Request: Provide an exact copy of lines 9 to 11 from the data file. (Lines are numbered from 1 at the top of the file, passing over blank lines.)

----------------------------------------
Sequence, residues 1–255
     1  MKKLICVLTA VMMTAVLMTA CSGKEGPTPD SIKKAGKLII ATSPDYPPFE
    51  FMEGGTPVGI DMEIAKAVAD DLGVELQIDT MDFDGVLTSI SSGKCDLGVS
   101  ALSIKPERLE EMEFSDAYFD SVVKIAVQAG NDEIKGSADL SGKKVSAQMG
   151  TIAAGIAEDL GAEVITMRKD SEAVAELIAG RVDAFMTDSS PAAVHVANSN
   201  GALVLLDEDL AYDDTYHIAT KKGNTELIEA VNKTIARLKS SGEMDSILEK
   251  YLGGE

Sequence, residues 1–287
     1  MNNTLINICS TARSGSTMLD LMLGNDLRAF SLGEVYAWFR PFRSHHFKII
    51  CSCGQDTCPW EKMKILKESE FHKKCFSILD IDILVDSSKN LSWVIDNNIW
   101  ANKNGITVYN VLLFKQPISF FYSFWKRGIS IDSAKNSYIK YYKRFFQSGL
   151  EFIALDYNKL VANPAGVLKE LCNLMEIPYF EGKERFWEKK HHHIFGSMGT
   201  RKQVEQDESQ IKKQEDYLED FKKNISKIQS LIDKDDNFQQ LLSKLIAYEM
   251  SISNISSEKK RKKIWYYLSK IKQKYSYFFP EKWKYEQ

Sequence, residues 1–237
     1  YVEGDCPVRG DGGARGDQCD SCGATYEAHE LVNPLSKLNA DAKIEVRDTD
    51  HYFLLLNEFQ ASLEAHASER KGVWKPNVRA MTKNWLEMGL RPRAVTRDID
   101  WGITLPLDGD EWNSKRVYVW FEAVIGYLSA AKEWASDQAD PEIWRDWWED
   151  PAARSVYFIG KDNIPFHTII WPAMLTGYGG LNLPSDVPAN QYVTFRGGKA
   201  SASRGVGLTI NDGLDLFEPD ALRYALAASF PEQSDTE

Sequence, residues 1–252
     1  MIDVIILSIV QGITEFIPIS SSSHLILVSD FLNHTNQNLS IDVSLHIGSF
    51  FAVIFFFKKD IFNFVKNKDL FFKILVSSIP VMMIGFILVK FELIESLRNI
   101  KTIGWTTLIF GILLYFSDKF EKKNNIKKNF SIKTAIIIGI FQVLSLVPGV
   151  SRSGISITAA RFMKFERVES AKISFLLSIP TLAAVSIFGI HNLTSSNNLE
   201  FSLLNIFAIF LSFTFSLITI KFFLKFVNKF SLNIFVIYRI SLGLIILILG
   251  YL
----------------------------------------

     1  MNNTLINICS TARSGSTMLD LMLGNDLRAF SLGEVYAWFR PFRSHHFKII
    51  CSCGQDTCPW EKMKILKESE FHKKCFSILD IDILVDSSKN LSWVIDNNIW
   101  ANKNGITVYN VLLFKQPISF FYSFWKRGIS IDSAKNSYIK YYKRFFQSGL